Concerned about potential security risks, the U.S. government is taking a close look at the sale of New York's iconic hotel to a Chinese insurance company.
U.S. officials said Monday they are reviewing the deal to sell the Waldorf to which is buying the hotel from Hilton Worldwide for $1.95 billion.
Terms of the sale allow Hilton to run the hotel for the next 100 years and call for "a major renovation" that officials say has raised eyebrows in Washington, where fears of Chinese eavesdropping and cyber-espionage run high.
CNBC contributor and former congressman Barney Frank felt somewhat differently. He thinks allowing the Chinese to buy the Waldorf could have an upside—it could benefit the U.S. economy.
"If they put money here, I don't know how that punishes us," said Frank, also on "Closing Bell."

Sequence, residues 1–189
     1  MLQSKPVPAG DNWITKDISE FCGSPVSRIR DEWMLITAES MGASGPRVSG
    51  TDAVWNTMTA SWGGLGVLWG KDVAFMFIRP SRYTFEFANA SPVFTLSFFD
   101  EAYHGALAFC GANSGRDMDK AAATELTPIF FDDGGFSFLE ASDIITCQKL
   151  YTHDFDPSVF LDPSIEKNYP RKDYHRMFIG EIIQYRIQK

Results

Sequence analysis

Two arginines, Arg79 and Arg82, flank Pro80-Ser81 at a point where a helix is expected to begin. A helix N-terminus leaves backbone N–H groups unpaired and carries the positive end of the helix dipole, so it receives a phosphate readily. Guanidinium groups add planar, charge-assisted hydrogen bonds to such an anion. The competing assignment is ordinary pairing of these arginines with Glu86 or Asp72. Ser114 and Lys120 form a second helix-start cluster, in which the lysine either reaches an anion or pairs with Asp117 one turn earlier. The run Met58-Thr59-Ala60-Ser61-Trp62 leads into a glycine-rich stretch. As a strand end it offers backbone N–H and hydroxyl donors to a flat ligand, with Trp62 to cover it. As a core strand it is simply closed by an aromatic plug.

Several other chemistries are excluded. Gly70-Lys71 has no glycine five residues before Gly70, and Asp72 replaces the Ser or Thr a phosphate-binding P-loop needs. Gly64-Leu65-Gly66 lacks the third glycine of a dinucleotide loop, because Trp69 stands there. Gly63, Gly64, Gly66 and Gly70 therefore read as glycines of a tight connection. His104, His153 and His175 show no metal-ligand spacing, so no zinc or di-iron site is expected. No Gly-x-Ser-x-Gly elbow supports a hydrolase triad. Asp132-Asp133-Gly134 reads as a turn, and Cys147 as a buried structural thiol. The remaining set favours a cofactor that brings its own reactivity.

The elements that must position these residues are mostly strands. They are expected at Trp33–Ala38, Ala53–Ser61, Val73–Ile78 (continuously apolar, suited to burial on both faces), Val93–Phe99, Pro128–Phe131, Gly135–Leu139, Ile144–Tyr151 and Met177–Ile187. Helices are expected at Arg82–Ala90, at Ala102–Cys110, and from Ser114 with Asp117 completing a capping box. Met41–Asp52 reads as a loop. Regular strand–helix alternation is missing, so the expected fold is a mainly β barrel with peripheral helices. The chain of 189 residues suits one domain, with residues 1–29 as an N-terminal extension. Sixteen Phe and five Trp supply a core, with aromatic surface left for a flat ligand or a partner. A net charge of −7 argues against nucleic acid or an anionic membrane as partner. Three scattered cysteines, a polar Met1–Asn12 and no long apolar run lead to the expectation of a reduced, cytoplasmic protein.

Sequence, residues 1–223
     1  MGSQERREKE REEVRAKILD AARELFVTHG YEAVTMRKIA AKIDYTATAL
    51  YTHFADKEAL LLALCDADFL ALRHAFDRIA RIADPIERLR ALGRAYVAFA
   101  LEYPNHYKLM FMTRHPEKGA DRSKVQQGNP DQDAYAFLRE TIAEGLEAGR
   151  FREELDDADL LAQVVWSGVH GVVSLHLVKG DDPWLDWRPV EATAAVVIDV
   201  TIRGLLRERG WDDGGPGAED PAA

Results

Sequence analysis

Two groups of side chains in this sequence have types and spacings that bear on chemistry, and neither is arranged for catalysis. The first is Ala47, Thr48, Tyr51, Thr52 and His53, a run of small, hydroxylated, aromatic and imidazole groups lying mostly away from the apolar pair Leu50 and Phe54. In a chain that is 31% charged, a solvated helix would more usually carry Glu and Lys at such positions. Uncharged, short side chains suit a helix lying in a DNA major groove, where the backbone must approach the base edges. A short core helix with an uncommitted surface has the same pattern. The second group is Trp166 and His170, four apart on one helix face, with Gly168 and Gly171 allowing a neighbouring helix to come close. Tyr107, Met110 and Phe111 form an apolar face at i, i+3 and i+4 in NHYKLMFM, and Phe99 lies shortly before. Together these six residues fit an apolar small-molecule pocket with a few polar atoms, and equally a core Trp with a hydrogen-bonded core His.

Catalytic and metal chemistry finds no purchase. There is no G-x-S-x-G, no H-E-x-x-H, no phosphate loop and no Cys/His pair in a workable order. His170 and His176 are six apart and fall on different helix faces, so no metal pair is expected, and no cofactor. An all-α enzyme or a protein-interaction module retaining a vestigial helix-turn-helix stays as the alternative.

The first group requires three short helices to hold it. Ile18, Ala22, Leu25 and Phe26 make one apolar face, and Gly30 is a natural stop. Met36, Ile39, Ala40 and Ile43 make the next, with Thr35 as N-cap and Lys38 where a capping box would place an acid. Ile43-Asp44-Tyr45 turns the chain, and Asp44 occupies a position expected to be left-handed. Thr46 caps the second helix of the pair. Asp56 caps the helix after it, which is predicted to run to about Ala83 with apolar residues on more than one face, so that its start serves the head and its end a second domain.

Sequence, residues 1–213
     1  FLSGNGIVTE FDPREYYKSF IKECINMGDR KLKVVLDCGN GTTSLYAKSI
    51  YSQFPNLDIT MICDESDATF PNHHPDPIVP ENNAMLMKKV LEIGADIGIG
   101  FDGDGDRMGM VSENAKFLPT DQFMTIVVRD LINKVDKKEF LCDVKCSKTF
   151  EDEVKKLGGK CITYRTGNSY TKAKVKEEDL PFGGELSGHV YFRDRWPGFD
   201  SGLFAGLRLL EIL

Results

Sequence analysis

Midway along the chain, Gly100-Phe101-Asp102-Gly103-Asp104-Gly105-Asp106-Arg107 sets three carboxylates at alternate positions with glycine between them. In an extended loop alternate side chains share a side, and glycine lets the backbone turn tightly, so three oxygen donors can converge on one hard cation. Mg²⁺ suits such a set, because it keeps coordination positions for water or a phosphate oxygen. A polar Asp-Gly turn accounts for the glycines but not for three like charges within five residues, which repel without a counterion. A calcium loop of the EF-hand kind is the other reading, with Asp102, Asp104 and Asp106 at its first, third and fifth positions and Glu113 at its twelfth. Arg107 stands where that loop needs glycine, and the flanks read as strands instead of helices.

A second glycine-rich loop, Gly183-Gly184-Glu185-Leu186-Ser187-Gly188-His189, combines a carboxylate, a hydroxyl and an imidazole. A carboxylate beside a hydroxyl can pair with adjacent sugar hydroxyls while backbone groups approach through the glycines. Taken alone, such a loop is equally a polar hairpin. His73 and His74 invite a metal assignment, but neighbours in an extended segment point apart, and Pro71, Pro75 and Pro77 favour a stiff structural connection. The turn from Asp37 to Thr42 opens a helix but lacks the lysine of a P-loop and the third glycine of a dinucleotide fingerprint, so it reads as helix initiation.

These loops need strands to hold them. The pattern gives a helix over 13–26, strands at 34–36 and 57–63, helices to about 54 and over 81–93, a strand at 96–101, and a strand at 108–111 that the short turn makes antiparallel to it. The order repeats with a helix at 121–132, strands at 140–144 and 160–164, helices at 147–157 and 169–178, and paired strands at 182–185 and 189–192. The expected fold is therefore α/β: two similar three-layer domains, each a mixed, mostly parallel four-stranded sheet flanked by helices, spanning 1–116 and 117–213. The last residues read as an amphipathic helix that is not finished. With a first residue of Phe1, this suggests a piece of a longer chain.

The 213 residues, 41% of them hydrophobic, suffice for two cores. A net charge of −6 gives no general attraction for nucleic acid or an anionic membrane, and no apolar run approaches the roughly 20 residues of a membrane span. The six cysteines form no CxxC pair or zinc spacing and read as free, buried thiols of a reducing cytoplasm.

However, Frank went on to say he also believes the U.S. isn't committing the resources needed to address cybersecurity concerns, broadly. "I want to take resources that are currently being used unwisely so we can focus on this (problem)," he said.
Kudlow, however, believes economic sanctions may be warranted. He thinks drastic actions are necessary, now, to prevent Chinese cybercrime from spiraling out of control.
How the U.S. government proceeds remains unclear.
For more than 50 years, the State Department has leased a residence for the U.S. ambassador to the U.N. on the 42nd floor of the hotel's Waldorf Towers.
Ending the government's relationship with the Waldorf could be problematic and expensive, according to officials who note that numerous studies conducted during both Republican and Democratic administrations have concluded that it is cost effective and convenient.
—The Associated Press contributed to this report.